Kamila Shamsie in The Guardian:
The unnamed protagonist of Mirza Waheed's devastating debut novel grows up in “the forgotten last village before the border”. The border is not really a border but – in official parlance – the Line of Control, which divides the former princely state of Kashmir between India and Pakistan; the time period is the early 1990s, when the confrontation between the Indian state and Kashmiris demanding azaadi (freedom) turned particularly violent. Such a place, in such a time, cannot remain forgotten very long.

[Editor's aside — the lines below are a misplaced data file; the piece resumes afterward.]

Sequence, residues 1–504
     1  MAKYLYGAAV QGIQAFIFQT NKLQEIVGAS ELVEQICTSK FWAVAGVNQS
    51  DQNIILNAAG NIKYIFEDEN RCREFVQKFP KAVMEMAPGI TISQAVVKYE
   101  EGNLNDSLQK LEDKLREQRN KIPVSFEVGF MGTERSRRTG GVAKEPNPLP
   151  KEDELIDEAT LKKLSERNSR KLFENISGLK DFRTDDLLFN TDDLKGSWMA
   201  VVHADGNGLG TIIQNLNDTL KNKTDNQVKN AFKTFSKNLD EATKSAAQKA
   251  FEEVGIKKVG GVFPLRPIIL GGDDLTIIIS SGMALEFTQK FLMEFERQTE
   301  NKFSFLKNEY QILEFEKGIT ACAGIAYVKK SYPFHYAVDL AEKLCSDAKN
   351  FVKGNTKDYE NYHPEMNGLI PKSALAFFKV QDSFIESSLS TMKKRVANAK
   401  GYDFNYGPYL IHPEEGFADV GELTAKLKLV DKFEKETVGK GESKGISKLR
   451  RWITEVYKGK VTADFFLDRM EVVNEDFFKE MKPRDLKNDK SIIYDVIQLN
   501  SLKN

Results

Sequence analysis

The novel starts when the eponymous narrator is 19, and the forgotten days of the village are long past. He is employed by a captain in the Indian army to go down into a valley near the village and collect the ID cards and weapons of the corpses – thousands of them – which are strewn about the valley floor. The corpses are those of Kashmiri “militants” or “freedom fighters”, depending on which side of history you're on, who crossed the Line of Control into Pakistan for training and were gunned down by the Indian army while crossing back. Their ID cards can be used for PR purposes when the Indian army issues press releases about the militants it has killed; the corpses themselves are just “dead meat”, left to rot.